The family Orchidaceae, popularly known as orchids, are perennial herbs that are found on every continent in the world except Antarctica. Orchids are monocotyledons which evolved from primitive monocots that also gave rise to lilies and amaryllis. As orchids developed, they became a very large family of about 650 genera and perhaps 20,000 or more species, more than any other family of plants. They mate across species easily, and there are probably 200,000 or more hybrids in existence today. Orchid species might be terrestrial (growing in earth), epiphytic (growing on another living plant), or less commonly saprophytic (subsisting on decomposing material). They tend to be epiphytes in tropical and subtropical forests, terrestrial in temperate and arctic regions. Although orchids are not a food crop, one Central American orchid yields the fragrant and delicious vanilla bean.

Orchid stamens and pistils are fused together into one structure, and the plants are prized for the resulting beautiful flowers. Typically, these flowers have three petals and three petal-like sepals, the middle one of which (the lip or labellum) is swollen and covered with pollen to attract insects. Apparently orchid flowers, which vary widely in shape and size, are specialized to attract local insects; for example, the huge African waxflower, which has a labellum over a foot long, is pollinated by a moth with an equally long tongue. These specific adaptations help explain the wide variation in orchid flowers.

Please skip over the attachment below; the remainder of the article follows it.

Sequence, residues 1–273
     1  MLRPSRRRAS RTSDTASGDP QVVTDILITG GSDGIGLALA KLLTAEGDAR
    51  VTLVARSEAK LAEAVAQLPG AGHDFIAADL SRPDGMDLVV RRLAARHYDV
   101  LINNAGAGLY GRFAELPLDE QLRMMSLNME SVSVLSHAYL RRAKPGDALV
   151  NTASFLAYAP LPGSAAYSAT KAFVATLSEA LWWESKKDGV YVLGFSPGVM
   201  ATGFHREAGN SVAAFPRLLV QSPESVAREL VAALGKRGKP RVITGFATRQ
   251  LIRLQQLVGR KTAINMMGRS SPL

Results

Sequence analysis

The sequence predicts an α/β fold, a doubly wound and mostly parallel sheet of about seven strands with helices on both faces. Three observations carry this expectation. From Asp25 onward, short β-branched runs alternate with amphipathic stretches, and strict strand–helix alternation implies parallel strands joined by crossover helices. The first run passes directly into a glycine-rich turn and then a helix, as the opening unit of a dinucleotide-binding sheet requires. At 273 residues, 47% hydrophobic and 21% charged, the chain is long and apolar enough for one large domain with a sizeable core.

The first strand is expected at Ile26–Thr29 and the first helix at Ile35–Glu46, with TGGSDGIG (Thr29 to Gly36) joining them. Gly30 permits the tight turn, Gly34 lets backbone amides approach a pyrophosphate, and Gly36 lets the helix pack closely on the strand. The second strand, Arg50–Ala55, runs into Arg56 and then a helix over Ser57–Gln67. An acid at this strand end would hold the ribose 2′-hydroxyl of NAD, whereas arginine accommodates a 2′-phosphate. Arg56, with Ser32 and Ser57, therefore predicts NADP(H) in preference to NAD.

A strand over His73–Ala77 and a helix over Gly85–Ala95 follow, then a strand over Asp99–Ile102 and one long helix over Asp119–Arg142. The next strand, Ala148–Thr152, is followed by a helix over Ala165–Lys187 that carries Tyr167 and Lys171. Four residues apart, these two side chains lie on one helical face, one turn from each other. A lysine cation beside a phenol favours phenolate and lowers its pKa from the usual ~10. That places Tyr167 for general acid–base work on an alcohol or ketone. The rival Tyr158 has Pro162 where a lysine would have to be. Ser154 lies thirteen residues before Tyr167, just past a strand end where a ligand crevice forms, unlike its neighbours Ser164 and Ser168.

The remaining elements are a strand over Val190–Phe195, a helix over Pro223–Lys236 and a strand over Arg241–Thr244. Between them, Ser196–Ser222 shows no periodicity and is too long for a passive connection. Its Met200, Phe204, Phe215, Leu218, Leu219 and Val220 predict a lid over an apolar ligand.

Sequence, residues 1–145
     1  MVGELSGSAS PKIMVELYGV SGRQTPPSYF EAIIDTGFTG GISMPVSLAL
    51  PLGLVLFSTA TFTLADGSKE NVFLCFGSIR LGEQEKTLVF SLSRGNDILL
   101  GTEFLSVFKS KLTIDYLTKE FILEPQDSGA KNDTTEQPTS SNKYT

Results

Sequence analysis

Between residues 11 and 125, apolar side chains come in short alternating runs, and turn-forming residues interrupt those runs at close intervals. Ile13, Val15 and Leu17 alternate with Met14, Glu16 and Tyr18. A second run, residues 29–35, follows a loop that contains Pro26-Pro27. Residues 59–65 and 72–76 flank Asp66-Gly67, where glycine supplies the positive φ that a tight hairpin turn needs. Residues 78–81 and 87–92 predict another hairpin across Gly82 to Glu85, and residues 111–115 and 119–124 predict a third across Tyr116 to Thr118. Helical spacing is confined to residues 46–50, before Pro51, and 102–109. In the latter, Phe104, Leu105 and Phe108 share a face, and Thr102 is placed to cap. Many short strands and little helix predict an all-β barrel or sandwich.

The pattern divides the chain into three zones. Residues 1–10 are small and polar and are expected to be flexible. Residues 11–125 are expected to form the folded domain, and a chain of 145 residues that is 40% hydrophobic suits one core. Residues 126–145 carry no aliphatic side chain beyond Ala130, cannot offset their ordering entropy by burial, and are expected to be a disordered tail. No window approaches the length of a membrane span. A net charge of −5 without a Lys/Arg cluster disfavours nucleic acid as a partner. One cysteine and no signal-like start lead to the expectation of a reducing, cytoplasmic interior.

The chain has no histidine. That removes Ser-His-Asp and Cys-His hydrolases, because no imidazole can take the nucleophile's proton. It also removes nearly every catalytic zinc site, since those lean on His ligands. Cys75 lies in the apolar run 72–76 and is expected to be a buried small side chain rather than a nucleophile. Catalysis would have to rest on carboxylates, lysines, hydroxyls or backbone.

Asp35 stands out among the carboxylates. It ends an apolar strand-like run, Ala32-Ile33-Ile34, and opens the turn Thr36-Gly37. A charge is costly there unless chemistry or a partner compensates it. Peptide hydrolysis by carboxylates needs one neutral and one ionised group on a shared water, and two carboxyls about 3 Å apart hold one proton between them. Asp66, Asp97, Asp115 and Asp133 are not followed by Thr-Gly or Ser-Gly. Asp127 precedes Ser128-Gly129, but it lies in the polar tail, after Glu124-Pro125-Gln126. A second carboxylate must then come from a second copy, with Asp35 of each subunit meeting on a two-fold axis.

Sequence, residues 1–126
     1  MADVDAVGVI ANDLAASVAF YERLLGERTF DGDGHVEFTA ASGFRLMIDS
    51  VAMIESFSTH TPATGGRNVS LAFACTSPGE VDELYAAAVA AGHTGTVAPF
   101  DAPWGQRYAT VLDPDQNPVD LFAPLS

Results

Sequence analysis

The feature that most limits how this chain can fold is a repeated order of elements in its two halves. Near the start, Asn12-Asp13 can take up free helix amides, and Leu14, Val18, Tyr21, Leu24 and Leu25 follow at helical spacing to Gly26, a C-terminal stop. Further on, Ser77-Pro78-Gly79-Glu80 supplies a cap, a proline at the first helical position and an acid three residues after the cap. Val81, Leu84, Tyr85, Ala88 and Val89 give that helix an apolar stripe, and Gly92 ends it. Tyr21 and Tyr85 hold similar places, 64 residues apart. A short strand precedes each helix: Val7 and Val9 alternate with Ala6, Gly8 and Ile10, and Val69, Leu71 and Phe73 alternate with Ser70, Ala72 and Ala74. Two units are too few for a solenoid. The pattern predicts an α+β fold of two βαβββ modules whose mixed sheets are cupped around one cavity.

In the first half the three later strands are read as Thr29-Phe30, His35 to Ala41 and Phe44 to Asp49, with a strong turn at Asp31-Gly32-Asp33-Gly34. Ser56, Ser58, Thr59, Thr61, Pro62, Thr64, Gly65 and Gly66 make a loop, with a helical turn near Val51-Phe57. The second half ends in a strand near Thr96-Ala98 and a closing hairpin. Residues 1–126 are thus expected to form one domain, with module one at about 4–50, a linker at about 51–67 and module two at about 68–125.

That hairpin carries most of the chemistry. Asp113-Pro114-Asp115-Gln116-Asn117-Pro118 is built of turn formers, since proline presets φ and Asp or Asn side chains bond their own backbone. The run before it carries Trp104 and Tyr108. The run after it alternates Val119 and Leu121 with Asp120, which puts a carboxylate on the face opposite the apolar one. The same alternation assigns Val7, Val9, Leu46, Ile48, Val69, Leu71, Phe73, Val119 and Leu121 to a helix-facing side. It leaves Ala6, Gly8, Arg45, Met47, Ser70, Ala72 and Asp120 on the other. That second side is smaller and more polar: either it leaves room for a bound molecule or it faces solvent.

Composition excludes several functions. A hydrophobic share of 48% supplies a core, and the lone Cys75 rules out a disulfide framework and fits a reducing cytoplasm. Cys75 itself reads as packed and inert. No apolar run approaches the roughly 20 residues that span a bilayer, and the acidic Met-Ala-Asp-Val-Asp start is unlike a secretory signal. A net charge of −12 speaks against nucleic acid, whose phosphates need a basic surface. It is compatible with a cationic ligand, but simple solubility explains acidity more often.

Of the many many species of orchids, cultivators focus on a mere handful, and they tend to be hybrids of tropical epiphytes. Although orchids have a reputation as being difficult to grow, most people could cultivate at least one type, for there is such variation in ideal conditions that one is bound to suit your home environment. In general, epiphytic orchids prefer conditions that mimic their home environment on branches near the tops of tropical canopies: gently moving, rather than stagnant, air; shaded light rather than glaring sun; a porous, organic growth medium; and daily misting with pure water - distilled or pure rainwater is best. Beyond this, they are a varied lot, and some like cool temperatures, some warm; most prefer humid air, but some tolerate dry. Provided that the orchid is in its ideal conditions, it should grow easily, but what exactly those conditions are for each species is best found out by conferring with an orchid afficionado. Because orchid growers tend to become quite passionate about their hobby, it shouldn't be too difficult to find them in your area and pump them for information. Or check out one of the many orchid lovers' websites, including: